Qatari Foreign Direct Investment’s Decision: An Experience of Bangladesh

The lackluster bureaucratic approach couple with outdated economic policies of Pakistan has resulted in the loss of $5 billion committed investment from Qatar’s Sovereign Wealth Fund (SWF) to Bangladesh. A sovereign wealth fund (SWF) is a state-owned investment fund that invests in real and financial assets such as stocks, real estate or in alternative investments such as private equity fund. The Qatar Investment Authority (QIA), established in 2005, manages the Qatar’s SWF to strengthen the country’s economy.

Pakistan and Qatar have well-established relations which are premised on a shared religion, cultural affinities and geographical proximity. Primarily due to frequent visits by leadership on both sides, particularly in recent years, the relationship has expanded to include political, security and economic dimensions as well. The $5 billion investment from Qatar was expected to bolster the development of power plants, refurbishment of airports and revamping of hotels in Pakistan. In 2019, a delegation from Qatar visited Pakistan to explore investment opportunities and expressed interest to invest in various sectors which resulted in the commitment of this mentioned investment from Qatar.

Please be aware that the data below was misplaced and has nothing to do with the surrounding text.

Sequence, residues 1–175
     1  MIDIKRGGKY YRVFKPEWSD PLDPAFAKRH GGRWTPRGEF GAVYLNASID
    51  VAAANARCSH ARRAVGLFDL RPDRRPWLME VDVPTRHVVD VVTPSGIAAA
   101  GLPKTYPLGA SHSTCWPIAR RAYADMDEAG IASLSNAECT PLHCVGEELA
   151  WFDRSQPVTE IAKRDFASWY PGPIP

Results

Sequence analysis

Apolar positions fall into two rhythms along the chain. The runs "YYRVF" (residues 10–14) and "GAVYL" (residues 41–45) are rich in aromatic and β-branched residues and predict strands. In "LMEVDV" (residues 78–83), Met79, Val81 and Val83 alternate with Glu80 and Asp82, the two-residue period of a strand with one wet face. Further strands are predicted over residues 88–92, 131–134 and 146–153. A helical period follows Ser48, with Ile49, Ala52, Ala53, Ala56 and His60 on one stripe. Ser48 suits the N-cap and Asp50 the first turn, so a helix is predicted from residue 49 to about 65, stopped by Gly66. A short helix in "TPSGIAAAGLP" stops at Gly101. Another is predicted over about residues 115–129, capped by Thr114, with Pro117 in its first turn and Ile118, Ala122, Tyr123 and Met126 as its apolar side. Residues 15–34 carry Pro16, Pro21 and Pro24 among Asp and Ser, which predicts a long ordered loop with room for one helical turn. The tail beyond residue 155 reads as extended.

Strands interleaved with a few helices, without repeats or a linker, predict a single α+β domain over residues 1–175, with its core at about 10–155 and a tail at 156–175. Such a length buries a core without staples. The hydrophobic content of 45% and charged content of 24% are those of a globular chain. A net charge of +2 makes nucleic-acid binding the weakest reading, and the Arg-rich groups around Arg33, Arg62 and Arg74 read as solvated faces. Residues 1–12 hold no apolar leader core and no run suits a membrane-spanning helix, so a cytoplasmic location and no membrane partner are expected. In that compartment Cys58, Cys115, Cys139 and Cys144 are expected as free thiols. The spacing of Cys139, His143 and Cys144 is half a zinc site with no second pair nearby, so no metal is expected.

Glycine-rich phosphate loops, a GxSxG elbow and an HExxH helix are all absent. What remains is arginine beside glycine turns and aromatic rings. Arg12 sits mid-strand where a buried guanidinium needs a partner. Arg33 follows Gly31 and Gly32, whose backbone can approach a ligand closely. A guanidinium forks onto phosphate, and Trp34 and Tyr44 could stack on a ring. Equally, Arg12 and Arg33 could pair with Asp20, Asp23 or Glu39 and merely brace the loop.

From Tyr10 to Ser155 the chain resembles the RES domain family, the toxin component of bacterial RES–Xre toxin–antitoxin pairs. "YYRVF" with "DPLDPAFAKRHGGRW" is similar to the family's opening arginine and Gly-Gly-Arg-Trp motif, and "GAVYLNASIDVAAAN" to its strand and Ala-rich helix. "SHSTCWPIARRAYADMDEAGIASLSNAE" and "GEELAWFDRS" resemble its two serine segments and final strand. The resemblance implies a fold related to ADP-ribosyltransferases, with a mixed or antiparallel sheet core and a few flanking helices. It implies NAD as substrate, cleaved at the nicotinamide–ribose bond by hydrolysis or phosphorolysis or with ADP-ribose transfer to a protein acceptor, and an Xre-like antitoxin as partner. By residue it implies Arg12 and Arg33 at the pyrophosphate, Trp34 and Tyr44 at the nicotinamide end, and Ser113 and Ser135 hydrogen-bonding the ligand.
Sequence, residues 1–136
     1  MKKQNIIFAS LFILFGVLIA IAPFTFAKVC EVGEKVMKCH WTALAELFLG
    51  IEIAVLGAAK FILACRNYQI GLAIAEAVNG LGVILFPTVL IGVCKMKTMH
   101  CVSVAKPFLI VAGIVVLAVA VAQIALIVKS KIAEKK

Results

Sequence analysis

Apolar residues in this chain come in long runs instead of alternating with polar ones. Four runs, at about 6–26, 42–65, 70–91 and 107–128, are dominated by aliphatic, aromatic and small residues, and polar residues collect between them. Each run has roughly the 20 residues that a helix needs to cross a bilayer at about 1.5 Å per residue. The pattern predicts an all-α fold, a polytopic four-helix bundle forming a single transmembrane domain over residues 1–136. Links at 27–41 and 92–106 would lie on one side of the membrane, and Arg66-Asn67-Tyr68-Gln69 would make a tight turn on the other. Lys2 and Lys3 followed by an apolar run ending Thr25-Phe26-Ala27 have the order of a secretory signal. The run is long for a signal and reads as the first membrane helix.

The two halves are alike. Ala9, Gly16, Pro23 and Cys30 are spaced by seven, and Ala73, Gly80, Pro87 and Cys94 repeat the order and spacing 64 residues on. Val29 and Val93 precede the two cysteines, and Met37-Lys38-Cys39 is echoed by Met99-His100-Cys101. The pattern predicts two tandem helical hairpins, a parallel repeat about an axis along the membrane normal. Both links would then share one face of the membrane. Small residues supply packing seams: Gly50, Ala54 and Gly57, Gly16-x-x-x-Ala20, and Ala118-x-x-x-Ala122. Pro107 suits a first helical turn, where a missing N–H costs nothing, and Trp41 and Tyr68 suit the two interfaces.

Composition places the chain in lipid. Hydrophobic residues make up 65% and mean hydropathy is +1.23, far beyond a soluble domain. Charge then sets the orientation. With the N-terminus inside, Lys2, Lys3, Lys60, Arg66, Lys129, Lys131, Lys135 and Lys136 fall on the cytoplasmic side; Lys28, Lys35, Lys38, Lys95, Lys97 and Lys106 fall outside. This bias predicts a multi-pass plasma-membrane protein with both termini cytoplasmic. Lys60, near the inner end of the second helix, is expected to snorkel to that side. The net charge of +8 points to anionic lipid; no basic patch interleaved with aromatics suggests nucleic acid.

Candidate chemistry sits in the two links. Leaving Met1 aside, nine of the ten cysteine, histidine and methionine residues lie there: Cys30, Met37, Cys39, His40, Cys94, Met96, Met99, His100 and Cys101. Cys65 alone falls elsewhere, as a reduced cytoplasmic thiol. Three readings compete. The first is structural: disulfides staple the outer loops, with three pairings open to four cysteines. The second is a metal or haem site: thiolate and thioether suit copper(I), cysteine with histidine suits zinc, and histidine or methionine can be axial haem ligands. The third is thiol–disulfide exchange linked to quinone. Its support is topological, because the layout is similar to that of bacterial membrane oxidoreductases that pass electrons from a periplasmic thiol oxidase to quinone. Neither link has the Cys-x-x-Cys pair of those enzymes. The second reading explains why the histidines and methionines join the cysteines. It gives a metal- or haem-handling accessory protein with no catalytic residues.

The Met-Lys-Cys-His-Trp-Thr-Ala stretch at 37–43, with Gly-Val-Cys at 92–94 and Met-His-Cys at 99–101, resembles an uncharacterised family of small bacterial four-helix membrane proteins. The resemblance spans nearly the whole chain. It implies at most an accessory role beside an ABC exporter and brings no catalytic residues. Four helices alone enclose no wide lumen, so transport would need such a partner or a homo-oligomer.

Though Pakistani-Qatari ties have always been on a smooth trajectory, Pakistan lost the $5 billion committed investment from Qatar. Despite having framework agreement between these two countries, no tangible progress has been observed on those projects since the 2019 visit. There is some food for thought on this case. Sluggishness in fund release and failure to comply with the conditions, such as failure to bring changes to the aviation ministry’s structure for Qataris to become airport shareholders, and Pakistan’s inconsistent policies cost them to loss of this investment to Bangladesh. Bangladesh has an attractive economic environment with political stability, investment security and facilitative policies that resulted in the diversion of this committed Qatari investment from Pakistan. Though Pakistani government denied the loss of this investment, but the news coverage on international media made it clear that Bangladesh has received $5 billion investment from Qatar which was committed to Pakistan.

Nebras Power, whose investment was expected by Pakistan, a Qatari power development and investment company headed by Al-Thani, announced that it had signed a sale and purchase agreement (SPA) with Unique Hotel and Resorts Limited (UHRL) — a sister company of Bangladeshi diversified conglomerate Unique Group — and investment bank Strategic Finance Limited (SFL) to acquire a 24 percent equity stake in Unique Group’s power plant project, Unique Meghnaghat Power Limited (UMPL) located south of Dhaka.